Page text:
Tips for Working with Gluten-Free Biscuits and Crackers - dummies

Tips for Working with Gluten-Free Biscuits and Crackers

By Jean McFadden Layton, Linda Larsen

Biscuits and crackers are all made from doughs. Though they are typically made with wheat flour, you can use gluten-free flours to make treats that are easy and satisfying. Biscuits are usually made from soft doughs, and crackers are made from firm dough. The difference between the types of dough is in the amount of liquid in the recipe and how the dough is formed and shaped.

Some basic rules for working with gluten-free biscuits and crackers include the following:

  • Measure gluten-free flour and other ingredients carefully, by weight if possible, and mix the dough as directed. Measuring, building structure, and doneness tests are crucial to the success of gluten-free biscuit and cracker recipes.

  • If you don’t use a scale to measure flours and mixes, always measure by spooning the flour or mix lightly into a measuring cup and leveling off the top with the back of a knife.

  • Be sure the flours you use are the grind or texture the recipe specifies. If a recipe calls for super-fine flour and you can’t find it, use fine flour or regular flour and grind it in the blender or food processor. Fine flours produce smoother dough with no grittiness. Sometimes you want more texture in a recipe, but sometimes, for a tender product, less texture is desirable.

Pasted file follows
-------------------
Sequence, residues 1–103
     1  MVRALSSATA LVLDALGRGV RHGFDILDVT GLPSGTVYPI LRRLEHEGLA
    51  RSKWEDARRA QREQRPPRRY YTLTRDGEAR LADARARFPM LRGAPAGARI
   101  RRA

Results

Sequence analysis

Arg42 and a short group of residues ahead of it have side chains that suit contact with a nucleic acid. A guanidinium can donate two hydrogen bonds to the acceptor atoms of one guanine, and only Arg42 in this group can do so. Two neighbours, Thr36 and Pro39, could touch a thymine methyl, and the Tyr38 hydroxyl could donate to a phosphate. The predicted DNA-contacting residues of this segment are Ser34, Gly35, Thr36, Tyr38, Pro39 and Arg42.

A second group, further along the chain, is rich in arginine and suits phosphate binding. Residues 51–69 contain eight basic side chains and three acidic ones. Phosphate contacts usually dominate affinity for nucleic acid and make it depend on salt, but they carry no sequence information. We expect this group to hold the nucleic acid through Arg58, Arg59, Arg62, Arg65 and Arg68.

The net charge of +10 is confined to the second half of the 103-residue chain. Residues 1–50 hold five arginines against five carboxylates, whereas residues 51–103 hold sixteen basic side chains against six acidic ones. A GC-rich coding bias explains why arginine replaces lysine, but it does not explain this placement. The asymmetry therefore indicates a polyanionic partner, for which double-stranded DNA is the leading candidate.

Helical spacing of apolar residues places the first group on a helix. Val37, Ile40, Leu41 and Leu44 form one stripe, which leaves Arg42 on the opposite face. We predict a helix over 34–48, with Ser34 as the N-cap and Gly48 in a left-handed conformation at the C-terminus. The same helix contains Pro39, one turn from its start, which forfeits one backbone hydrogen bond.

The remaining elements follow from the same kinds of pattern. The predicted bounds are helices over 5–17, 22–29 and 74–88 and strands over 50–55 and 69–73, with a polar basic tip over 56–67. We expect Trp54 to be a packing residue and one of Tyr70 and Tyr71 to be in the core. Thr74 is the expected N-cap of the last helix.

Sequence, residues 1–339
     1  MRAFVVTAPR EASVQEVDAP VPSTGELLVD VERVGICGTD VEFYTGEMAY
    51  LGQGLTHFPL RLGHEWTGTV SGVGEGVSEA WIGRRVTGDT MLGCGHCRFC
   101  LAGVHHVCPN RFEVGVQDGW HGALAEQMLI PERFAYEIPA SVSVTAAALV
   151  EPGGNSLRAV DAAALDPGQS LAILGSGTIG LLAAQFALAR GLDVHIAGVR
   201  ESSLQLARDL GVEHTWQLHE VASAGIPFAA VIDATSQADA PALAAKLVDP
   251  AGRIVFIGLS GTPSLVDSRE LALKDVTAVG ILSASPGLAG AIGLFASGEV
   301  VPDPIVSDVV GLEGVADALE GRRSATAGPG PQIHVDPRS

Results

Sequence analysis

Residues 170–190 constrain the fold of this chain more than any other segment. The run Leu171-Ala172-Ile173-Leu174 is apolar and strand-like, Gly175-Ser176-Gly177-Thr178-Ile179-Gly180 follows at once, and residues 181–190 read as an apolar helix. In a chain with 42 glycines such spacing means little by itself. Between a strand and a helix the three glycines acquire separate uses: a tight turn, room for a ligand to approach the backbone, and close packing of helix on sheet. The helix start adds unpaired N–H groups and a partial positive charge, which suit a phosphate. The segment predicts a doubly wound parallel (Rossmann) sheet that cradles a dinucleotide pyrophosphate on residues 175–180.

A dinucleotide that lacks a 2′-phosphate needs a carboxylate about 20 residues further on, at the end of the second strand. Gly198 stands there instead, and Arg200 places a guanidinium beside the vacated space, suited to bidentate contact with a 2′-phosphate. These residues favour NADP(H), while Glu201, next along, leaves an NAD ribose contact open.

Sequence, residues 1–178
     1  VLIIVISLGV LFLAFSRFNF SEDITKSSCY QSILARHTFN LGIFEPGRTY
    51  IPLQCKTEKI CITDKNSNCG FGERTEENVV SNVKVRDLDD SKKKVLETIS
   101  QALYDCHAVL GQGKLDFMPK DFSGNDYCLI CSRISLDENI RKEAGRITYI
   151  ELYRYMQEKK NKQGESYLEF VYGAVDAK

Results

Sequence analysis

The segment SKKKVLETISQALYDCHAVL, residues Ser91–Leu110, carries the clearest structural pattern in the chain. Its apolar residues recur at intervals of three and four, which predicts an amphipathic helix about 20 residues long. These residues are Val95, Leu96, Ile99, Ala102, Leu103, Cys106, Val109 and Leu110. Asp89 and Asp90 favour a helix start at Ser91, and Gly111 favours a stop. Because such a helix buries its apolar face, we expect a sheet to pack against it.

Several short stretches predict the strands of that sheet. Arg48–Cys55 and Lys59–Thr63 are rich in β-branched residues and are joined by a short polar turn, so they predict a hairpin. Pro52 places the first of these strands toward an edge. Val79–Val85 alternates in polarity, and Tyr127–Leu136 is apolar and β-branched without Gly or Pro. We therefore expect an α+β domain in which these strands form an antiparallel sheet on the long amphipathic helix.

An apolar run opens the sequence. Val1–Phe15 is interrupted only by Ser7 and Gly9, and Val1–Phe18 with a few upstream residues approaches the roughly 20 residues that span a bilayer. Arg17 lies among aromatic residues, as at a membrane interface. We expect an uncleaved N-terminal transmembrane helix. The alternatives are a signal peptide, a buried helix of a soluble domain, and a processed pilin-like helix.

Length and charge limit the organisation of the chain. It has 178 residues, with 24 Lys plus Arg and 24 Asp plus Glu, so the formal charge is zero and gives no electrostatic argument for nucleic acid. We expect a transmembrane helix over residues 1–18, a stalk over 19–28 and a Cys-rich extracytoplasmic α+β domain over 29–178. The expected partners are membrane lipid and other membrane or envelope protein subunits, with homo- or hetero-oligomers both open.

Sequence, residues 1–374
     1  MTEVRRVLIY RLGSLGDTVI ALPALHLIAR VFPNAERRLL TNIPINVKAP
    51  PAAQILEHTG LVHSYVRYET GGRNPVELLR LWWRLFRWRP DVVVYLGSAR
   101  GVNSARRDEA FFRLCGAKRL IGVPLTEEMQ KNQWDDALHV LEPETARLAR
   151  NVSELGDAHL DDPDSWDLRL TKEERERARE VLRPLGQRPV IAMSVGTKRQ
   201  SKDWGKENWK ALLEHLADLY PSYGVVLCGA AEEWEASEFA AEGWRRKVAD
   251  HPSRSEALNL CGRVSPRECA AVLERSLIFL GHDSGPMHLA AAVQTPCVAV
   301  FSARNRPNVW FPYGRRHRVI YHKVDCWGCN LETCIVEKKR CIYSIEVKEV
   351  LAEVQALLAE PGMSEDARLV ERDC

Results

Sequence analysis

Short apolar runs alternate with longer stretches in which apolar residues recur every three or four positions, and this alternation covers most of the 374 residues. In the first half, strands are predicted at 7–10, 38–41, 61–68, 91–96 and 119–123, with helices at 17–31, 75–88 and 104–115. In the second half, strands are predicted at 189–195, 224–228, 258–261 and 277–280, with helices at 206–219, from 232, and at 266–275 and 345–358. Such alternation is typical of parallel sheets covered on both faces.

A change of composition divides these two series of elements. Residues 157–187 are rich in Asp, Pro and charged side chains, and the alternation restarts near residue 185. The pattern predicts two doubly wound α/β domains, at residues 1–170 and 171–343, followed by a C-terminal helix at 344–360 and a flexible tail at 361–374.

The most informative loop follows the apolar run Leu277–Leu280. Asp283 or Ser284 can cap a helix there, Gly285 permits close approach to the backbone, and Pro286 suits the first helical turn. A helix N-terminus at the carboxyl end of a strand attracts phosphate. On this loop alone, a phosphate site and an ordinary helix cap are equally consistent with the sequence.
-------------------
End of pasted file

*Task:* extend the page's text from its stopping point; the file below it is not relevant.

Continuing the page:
• If you can’t use xanthan gum in your biscuit or cracker recipes, raw buckwheat flour is a good substitute: Use 1 tablespoon of raw buckwheat flour and 2 tablespoons of water for 1/2 teaspoon of xanthan gum. You must grind your own raw buckwheat flour because the store-bought variety is toasted. Buy raw buckwheat kernels and grind them to a powder.

Following are some additional suggestions that pertain specifically to biscuits or crackers:

  • Biscuits: Biscuits are quick breads, leavened by baking powder and/or baking soda. You make them by cutting a fat into flour and adding liquid until a soft dough forms. You can form biscuits in several ways. You can simply drop soft dough onto a cookie sheet and bake it; you can make these “drop biscuits” quickly and easily. Biscuits that you roll and cut with a cookie cutter require a little more finesse and the correct dough texture.

  • Crackers: Cracker dough is firm enough to roll out or shape into balls to flatten with a fork or the bottom of a water glass. For crisp crackers, some fat is necessary. The fat in crackers is what makes them crisp and flaky. Be sure that you mix the fat well with the flour before you add the liquid. And don’t be afraid to handle this type of dough. Cut it into shapes with cookie cutters or make free-form crackers with a sharp knife.

After you master the technique of making biscuits and crackers, you can have fun experimenting in the kitchen. Try different flours, add different flavorings like cheese and herbs, or make a recipe heartier with nuts or spices.